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comment How to prove that a function F isn't a pseudo random function
Imagine someone making calls to $F'$ for many choices of $x$. If all the internal calls to $F$ are globally unique, then the outputs will look random. That's essentially the definition of $F$ being a PRF -- distinct inputs yield independently random outputs. In that case, $F'$ would be secure. If it is possible to choose some $x$'s to $F'$ that cause a repeated input to $F$, then you would notice duplicated blocks in the outputs. That's a very non-random thing to happen, so $F'$ would not be a PRF.
Jan
22
comment Which cryptography technique does not increase the size of the plain data?
You can get around the problem of CPA impossibility using deterministic nonce-based encryption, if there is some public but non-repeating value that you can use as a nonce (e.g., timestamp, hard disk block number)
Jan
18
revised Could we share a secret key using the Birthday problem?
added 83 characters in body
Jan
18
answered Could we share a secret key using the Birthday problem?
Dec
9
comment Santa Claus' secret permutation
This is a special case of secure multi-party computation. Any general-purpose MPC protocol can do this, it only suffices to write the permutation-sampling process as a boolean/arithmetic circuit.
Dec
4
reviewed Approve What type of encryption scheme can prevent cheating in this coin flip protocol?
Dec
3
reviewed Approve Given $g,g^t$ in a cyclic group of order $pq$, is it hard to compute $g^{t^{-1}}$?
Nov
30
reviewed Approve Signature schemes for underpowered devices (8bit microcontroller)
Nov
30
comment What Does This Symbol Mean? (Hardcore Predicates for One-Way Functions)
SEJPM: \displaystyle should do it.
Nov
30
answered May I use Random Oracle for Inversed Look-up?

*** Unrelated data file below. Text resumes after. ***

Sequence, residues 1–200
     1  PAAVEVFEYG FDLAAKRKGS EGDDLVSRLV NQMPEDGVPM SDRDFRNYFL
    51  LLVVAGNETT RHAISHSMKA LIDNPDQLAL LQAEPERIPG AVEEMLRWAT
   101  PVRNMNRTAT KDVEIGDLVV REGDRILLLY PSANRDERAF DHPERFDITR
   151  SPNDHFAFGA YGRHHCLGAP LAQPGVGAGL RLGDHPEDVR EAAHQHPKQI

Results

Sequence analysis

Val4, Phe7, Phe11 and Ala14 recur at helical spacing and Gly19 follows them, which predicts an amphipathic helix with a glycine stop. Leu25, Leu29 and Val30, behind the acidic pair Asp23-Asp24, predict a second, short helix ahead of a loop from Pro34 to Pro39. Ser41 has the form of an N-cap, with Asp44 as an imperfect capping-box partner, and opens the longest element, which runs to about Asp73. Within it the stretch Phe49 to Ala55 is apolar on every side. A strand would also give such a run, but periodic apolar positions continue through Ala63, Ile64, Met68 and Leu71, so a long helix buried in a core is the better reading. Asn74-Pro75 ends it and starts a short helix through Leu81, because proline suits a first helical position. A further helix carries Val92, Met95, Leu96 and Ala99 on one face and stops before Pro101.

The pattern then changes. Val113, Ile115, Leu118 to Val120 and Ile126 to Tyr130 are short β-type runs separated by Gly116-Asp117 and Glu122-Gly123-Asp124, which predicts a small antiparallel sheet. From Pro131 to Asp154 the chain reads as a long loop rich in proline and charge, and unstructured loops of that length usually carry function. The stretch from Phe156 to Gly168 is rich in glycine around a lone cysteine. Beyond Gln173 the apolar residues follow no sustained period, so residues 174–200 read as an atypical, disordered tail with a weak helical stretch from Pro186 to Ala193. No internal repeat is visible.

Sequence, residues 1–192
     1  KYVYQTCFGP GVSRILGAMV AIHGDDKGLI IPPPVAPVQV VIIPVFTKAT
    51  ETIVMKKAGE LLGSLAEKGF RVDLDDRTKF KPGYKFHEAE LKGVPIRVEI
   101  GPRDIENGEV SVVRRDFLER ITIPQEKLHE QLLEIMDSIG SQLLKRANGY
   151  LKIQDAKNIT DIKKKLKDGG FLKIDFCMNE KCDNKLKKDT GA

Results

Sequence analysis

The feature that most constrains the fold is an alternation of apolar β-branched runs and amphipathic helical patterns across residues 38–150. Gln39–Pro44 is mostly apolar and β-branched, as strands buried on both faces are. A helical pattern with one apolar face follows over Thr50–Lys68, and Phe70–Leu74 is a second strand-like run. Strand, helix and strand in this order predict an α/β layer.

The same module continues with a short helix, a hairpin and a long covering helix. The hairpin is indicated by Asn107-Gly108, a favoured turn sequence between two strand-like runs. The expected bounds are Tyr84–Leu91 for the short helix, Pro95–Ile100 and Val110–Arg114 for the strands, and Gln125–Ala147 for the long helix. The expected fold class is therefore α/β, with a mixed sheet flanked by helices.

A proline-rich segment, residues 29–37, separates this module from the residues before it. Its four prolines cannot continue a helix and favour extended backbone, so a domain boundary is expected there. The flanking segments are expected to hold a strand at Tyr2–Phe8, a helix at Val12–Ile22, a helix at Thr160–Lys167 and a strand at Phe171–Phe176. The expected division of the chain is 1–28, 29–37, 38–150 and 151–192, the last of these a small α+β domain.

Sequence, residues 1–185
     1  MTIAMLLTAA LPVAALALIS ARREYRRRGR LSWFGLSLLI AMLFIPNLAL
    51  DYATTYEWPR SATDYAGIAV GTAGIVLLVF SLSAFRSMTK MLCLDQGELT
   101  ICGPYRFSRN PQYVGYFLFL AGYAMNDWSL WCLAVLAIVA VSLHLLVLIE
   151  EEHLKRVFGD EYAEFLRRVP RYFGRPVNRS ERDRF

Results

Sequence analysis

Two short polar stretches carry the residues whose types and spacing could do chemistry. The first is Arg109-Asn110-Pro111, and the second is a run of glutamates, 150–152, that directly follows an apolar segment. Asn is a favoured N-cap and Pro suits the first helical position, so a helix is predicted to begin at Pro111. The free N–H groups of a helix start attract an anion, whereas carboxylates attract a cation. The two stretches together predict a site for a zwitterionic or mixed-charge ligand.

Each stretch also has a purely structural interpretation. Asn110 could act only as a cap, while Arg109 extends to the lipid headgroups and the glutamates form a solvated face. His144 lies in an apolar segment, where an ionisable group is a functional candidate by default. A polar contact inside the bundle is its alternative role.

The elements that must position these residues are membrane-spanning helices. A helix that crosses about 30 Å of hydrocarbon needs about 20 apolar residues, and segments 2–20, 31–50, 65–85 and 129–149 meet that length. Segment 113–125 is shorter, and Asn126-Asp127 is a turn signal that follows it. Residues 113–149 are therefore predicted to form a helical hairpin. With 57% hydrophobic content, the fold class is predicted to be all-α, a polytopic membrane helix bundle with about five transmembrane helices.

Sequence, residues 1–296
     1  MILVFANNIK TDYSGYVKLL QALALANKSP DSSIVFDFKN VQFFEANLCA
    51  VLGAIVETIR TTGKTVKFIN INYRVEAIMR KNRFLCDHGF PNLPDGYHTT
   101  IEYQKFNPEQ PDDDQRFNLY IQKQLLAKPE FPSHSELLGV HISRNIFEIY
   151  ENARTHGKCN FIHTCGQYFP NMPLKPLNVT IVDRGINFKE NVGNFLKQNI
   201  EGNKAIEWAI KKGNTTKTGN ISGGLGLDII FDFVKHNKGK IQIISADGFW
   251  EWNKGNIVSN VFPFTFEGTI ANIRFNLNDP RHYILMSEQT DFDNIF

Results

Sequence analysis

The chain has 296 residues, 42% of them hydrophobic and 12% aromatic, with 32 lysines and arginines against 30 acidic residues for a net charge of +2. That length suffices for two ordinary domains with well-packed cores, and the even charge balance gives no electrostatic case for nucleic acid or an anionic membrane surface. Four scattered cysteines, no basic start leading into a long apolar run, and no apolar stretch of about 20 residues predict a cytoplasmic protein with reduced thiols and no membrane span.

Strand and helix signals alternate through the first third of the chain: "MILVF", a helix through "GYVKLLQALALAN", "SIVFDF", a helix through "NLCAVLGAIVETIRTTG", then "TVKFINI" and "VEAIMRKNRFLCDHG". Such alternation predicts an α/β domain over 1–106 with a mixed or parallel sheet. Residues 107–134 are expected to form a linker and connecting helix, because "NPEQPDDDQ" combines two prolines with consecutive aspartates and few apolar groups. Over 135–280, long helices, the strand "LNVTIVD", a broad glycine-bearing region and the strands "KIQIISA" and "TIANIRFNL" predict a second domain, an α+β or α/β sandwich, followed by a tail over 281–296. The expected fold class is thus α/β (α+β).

Nov
29
comment Reusing same source for single-source randomness extractor
In this case $ext(S_i,\cdot)$ is a linear function of the bits of its input $X$. With enough of them you are bound to have some be linearly dependent, which leads to clear correlations/artifacts in the output.
Nov
21
awarded  Nice Answer
Nov
21
comment For AES CBC, can I encrypt the IV with AES ECB and the same key and include it with the message?
There's nothing wrong in principle with a secret IV. The problem is that CBC mode incorporates the IV in a particular way, with a particular key and particular block cipher. You try to use the same IV, same block cipher, and same key for an independent purpose, and that's where things can go wrong. Because of all the re-use, you basically have to re-analyze the whole construction as a new block cipher mode.
Nov
21
revised Simulation-based proofs and universal composability proofs
added 146 characters in body
Nov
20
answered For AES CBC, can I encrypt the IV with AES ECB and the same key and include it with the message?
Nov
20
answered Simulation-based proofs and universal composability proofs
Nov
16
comment Are all encryption tools made equal?
Regardless of how well it implements the legitimate things in that list, the whole system is severely tarnished by the fact that "XOR" is provided as an option for encryption. That's like seeing an uncooked potato on the menu at a restaurant.
Nov
16
revised Help with pseudorandom functions
added 1 character in body
Nov
15
reviewed No Action Needed Grouping in BGN
Nov
15
reviewed No Action Needed Relationship between exponent and modulus in RSA (as RSA properties as listed in X.509)